Understanding the Fuel System In Your Car by:Dirk Gibson
Some of us drive very cautiously. Others of us drive with the proverbial lead foot. Regardless of your style, few of us have a clue how fuel is delivered to our engine and used once we step on the gas pedal. In this article, we aim to rectify that!
There are many variations of modern vehicles. From diesel to electric cars to the incredibly popular hybrid vehicles, the fuel delivery system is designed a bit differently or not at all as occurs with an electric car. We are going to ignore those variations for the purposes of this article and focus on the fuel system in the basic gasoline car - the most driven car these days.
The fuel system starts in the most common of places - the fuel tank. Tank sizes are highly dependent upon the type of vehicle you are driving, but all work the same way. The fuel in input from the pump hose and then settles in the tank. It will remain in the tank until the computer system in the car sends a signal demanding the fuel be forwarded to the engine.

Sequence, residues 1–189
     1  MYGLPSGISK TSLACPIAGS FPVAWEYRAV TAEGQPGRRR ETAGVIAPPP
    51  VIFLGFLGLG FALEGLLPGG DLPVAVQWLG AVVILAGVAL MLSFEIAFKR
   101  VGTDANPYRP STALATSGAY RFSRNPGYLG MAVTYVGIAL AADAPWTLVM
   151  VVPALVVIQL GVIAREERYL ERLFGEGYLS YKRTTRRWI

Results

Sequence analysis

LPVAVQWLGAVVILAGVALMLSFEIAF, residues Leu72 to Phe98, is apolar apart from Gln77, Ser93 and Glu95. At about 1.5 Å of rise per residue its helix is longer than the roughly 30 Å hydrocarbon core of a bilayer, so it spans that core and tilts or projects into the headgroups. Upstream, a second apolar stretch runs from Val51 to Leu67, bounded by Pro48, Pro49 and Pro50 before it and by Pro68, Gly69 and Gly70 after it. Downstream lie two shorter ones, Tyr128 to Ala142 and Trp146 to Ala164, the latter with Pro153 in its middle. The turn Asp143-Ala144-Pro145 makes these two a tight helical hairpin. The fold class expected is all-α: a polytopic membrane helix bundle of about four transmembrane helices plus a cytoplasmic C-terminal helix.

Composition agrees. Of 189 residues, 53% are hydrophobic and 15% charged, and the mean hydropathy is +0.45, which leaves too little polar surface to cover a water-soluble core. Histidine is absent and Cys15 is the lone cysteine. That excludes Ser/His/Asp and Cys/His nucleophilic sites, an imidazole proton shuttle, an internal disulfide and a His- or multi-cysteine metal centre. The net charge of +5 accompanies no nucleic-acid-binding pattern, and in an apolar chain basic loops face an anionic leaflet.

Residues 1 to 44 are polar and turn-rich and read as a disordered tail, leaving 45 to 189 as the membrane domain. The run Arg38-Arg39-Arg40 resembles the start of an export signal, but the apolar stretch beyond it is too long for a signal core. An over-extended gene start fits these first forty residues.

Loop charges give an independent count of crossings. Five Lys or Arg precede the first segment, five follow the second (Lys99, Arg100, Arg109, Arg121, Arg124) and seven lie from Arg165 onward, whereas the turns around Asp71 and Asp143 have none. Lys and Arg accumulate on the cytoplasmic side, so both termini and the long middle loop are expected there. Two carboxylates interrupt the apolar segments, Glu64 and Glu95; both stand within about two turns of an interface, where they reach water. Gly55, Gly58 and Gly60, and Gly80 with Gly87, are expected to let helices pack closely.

The fuel pump is a vital part of the fuel system. Most people think it is located under their hood somewhere, but it is not. The pump in most cars is now actually in the gas tank. Designs vary, but the general appearance is of a pole sitting on a slightly lifted platform. The platform is actually a filter. The pump pulls the fuel up through the filter and then up into the fuel tube. The tube then leads to the fuel line that carries the gasoline to the engine.
At this point, the fuel is run through another fuel filter closer to the moving parts of the engine. The cleaner the fuel is of particulates and debris, the better the engine will fire. Thus the need for a second filter. At this point, the fuel is sent up to a fuel rail. The rail runs across the top of the engine. Lines then run off this rail down to your fuel injectors. The fuel is run through the injectors and sprayed into the combustion chamber where the magic happens.
The fuel system described above has remained the same for pretty much the full existence of the internal combustion engine. The filters have improved and the flow of the system is now controlled by computers to increase efficiency, but the process is nearly the same as it was 40 years ago. This is one area of the car that they got right the first time!
About the author
Dirk Gibson writes for http://www.dcjautoparts.com - buy high performance auto parts and acessories for your car online at low prices.